Updated at at 3:39 a.m. ET on December 27, 2018.
The Atlantic’s readers wrote eloquently and passionately about a wide range of news events, stories, and complicated ideas this year. Here’s a look back at some of what they had to say.
After the shooting at Marjory Stoneman Douglas High School in Parkland, Florida, Heather Sher, a radiologist who treated some of the victims, wrote about her experience in the emergency room.
“As a doctor,” she wrote, “I feel I have a duty to inform the public of what I have learned … It’s clear to me that AR-15 and other high-velocity weapons, especially when outfitted with a high-capacity magazine, have no place in a civilian’s gun cabinet.”
While not all readers agreed with Sher’s conclusion, many expressed gratitude for her decision to describe what she had seen. “Your thoughts and words were clear, rational, and provided a unique insight into what most of us will not (thankfully) ever see in our lifetime, but will spend days and weeks fearing,” wrote Cindy Pond of Harrodsburg, Kentucky.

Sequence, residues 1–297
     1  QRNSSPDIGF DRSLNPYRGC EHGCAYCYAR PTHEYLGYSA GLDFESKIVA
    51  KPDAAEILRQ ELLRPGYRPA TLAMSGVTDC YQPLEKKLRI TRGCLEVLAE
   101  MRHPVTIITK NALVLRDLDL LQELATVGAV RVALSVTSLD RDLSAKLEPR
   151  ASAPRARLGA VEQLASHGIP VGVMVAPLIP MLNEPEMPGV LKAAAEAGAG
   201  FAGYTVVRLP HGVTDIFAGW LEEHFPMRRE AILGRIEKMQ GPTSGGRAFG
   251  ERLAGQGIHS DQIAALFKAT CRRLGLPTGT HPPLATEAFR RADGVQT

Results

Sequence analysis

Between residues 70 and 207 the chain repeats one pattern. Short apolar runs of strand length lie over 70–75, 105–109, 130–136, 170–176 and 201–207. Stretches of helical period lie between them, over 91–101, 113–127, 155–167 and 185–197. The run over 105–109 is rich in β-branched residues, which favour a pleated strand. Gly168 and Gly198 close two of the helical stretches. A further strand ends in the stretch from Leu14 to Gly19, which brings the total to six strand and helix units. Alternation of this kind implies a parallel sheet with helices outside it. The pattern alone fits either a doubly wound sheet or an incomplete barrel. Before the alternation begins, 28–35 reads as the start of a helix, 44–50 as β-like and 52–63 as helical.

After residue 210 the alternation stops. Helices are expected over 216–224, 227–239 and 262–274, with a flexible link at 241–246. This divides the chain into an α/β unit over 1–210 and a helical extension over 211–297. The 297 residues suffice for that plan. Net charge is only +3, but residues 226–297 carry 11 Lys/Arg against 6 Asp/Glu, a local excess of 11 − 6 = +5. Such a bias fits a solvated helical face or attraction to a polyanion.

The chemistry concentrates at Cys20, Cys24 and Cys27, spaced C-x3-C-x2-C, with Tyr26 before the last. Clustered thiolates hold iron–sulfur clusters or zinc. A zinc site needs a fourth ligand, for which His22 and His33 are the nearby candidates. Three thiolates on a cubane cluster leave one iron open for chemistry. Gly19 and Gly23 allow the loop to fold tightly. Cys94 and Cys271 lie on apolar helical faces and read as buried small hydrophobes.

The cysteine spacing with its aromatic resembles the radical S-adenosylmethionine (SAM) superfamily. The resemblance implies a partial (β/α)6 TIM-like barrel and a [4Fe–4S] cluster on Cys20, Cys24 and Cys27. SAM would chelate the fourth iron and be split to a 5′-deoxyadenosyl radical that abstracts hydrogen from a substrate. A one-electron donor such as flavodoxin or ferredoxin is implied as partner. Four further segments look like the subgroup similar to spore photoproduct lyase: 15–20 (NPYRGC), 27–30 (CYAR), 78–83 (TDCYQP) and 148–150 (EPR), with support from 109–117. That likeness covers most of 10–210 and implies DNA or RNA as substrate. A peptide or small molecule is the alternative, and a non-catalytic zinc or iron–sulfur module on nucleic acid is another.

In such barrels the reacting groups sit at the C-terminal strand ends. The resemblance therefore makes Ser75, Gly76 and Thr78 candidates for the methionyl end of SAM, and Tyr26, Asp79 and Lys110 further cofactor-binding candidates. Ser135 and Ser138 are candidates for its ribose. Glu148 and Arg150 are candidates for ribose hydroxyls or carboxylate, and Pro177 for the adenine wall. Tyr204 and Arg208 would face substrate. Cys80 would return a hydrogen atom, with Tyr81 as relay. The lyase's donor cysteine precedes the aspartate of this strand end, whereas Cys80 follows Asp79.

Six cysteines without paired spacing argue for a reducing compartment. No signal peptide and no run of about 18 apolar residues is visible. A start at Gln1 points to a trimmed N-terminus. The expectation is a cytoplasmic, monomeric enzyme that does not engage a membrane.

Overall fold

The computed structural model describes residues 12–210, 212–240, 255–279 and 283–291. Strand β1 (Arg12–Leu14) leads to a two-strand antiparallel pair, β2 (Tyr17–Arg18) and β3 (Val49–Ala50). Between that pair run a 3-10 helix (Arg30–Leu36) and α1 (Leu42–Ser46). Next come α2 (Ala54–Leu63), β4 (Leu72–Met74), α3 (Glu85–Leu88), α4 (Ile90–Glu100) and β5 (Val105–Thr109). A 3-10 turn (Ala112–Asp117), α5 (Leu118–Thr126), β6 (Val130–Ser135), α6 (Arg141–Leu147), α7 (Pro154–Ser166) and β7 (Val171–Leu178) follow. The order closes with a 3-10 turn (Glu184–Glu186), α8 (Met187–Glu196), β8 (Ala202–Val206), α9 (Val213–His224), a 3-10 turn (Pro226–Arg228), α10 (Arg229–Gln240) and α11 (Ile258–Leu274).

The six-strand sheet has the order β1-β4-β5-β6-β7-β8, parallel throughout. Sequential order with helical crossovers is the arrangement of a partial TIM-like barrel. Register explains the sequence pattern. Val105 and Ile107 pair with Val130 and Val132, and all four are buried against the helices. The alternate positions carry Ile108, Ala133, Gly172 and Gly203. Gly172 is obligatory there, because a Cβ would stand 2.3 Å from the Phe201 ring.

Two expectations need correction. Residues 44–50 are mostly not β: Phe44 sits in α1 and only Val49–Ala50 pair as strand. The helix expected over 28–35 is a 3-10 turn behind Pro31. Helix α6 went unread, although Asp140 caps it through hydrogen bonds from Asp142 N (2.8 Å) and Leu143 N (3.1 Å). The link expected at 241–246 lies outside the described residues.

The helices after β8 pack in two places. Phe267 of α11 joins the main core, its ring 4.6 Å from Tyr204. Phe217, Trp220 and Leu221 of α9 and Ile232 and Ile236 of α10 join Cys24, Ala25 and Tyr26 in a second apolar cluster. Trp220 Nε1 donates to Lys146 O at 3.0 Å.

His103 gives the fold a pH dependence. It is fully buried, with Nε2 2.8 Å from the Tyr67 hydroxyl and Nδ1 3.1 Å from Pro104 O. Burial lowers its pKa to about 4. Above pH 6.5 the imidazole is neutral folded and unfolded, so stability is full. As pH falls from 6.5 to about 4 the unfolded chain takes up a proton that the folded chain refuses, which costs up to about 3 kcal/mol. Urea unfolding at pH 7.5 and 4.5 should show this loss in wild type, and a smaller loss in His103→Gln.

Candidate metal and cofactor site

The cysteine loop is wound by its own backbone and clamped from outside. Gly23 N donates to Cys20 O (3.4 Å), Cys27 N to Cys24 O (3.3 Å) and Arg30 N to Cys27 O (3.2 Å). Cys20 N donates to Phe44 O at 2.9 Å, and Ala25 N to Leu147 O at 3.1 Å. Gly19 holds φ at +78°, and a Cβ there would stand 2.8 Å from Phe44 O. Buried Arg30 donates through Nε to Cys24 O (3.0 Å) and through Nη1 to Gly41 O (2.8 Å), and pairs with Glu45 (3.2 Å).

The Munich Security Conference, Eliot Cohen argued in February, was a stark reminder that the global elite have nothing of substance to offer a world in turmoil. Benedikt Franke, the chief operating officer of the Munich Security Conference Foundation, took issue with Cohen’s claim that the conference had lost its way.
“While it may seem petty to get into a quarrel about something as trivial as a policy conference,” Franke wrote to The Atlantic in March, “I believe six of Eliot’s arguments in particular warrant a written response.”
In April, Sigal Samuel spoke with moral philosophers from around the world about the dilemma of American responsibility in Syria. “What if there is no ethical way to act in Syria now?” she asked. Many ethicists were at a loss.
Readers shared their own answers to that vexing question in their letters. Emily C. Susko of Santa Cruz, California, wrote a poem on the subject. It begins:
And now, now will we go to war?